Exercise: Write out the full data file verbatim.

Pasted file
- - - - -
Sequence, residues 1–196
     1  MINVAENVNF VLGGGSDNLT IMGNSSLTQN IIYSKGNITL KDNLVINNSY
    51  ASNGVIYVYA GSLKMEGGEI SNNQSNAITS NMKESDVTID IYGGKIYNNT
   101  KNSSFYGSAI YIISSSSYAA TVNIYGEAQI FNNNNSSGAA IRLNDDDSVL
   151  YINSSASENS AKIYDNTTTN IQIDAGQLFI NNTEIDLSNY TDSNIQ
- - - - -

Sequence, residues 1–196
     1  MINVAENVNF VLGGGSDNLT IMGNSSLTQN IIYSKGNITL KDNLVINNSY
    51  ASNGVIYVYA GSLKMEGGEI SNNQSNAITS NMKESDVTID IYGGKIYNNT
   101  KNSSFYGSAI YIISSSSYAA TVNIYGEAQI FNNNNSSGAA IRLNDDDSVL
   151  YINSSASENS AKIYDNTTTN IQIDAGQLFI NNTEIDLSNY TDSNIQ